For Those Who Want to Age In Place, Lots of New Choices
Last updated:July 22, 2008
Earlier this month, I wrote about a new website aimed at helping seniors launch their own NORCs, or Naturally Occurring Senior Communities (neighborhoods in which older residents organize with the help of a community agency to share services and support). I've also written about other innovative options for seniors who want the independence of aging in place without the isolation that too often accompanies it.
I'll continue to explore these options because I've learned that's what the vast majority of seniors want -- to live out their days at home, not in institutions. And I've been heartened to hear back recently from Caring.com readers about other budding efforts to create a culture in which "families come together to nourish their aging citizens."
It was a reader who alerted me to the fact that cities and states across the country are revising laws and zoning ordinances that had previously put strict limits on "granny flats" -- back yard or attached dwellings, otherwise known as "in-laws" -- now making it easier for adult children to keep their aging parents close.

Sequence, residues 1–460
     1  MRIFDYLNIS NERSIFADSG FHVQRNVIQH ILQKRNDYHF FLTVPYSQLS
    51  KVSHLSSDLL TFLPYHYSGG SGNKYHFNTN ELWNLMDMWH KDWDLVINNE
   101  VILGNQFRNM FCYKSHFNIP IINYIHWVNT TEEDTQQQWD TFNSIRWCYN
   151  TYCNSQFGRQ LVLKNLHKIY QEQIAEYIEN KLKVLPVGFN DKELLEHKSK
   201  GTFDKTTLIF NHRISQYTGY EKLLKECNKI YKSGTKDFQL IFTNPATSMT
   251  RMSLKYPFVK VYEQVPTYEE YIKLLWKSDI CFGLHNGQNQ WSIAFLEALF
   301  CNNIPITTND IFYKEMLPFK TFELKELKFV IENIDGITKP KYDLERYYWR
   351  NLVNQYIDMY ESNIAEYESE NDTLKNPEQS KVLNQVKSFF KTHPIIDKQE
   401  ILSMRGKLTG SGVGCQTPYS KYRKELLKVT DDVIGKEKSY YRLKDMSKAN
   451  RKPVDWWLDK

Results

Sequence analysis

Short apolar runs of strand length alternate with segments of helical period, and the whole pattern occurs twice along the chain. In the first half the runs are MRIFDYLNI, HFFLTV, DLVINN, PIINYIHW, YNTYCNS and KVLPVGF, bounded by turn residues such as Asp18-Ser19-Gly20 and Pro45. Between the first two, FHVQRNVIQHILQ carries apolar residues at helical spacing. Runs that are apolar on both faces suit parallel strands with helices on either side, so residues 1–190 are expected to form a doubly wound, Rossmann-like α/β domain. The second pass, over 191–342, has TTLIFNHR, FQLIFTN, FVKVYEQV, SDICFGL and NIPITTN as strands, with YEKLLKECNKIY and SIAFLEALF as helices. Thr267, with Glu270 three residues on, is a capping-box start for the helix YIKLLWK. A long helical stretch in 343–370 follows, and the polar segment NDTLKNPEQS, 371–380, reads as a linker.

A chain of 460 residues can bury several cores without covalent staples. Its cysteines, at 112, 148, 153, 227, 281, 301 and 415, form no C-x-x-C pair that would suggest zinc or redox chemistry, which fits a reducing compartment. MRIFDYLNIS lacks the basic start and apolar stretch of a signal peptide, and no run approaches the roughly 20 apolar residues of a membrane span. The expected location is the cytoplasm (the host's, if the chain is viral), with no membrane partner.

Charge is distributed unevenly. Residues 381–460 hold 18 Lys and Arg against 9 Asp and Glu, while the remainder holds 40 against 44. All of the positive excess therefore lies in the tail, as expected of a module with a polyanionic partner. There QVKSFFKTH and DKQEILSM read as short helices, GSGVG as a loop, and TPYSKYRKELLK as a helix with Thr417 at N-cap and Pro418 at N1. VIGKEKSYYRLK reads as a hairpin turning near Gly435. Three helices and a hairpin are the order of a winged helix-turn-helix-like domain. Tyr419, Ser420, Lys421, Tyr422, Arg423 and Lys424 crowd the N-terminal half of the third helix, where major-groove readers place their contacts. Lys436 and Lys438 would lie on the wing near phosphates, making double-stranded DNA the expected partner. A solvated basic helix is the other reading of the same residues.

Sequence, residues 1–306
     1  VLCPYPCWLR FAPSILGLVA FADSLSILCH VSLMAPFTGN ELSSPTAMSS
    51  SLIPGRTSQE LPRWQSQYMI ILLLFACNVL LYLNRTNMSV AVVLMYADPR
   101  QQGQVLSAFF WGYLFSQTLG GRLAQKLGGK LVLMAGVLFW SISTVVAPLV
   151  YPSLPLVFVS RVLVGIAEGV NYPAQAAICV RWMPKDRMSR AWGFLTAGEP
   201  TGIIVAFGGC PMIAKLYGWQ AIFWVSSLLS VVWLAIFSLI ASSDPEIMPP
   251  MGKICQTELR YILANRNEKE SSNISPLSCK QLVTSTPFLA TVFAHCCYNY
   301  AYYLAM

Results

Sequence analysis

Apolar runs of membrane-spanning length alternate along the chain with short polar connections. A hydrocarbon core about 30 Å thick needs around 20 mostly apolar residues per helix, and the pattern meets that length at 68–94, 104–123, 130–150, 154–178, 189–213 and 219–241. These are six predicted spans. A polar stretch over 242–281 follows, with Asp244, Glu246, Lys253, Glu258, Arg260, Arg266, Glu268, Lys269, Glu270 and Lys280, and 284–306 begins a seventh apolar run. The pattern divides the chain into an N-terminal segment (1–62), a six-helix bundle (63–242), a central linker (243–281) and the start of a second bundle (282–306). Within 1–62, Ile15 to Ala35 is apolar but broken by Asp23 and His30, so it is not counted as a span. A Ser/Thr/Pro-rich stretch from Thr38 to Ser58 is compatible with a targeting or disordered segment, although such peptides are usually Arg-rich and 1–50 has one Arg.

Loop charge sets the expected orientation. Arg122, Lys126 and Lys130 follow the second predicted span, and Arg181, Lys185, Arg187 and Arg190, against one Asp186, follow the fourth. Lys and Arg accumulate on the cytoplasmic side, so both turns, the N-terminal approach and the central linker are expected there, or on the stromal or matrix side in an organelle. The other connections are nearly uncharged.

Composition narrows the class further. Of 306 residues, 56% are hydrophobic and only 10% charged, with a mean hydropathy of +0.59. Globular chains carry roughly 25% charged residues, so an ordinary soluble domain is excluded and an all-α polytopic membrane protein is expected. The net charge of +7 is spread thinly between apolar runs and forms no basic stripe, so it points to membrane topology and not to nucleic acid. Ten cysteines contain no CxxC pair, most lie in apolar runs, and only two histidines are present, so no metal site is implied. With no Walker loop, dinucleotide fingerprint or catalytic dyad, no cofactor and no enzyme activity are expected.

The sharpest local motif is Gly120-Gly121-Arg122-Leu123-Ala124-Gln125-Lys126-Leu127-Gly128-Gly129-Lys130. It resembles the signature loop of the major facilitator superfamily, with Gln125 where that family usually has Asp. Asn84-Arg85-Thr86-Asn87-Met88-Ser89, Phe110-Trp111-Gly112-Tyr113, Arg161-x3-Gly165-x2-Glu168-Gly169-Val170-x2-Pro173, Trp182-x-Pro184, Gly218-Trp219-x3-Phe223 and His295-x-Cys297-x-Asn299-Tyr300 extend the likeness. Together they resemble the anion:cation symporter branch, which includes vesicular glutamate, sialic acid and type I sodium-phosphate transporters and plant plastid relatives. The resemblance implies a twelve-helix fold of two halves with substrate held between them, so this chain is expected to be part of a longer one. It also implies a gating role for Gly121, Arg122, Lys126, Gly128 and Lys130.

I did a little research and found that there was in fact a Granny Flat Revival underway, from a new law in California that prohibits cities from banning the units, to a movement in Chicago to turn carriage houses into in-laws. When the city of Santa Cruz, California came up with its own comprehensive Granny Flat expansion plan -- including low-interest loans and online blueprints -- more than 160 cities nationwide asked for copies.
The same reader who clued me in to the Granny Flat movement offered this cheering update:
My local Washington Park neighborhood in Denver is currently starting a program called Washington Park Cares, which will give seniors access to services right in their own neighborhood. The program is modeled on the lead set by the Beacon Hill project in Boston. I believe we are just beginning to see the creation of a wide range of housing choices for aging seniors, many that have never existed before in history.
Tell me more! What kind of elder-centric community-building is in the works where you live?
Image by flickr user sarrazak6881 used under the creative commons attribution license.
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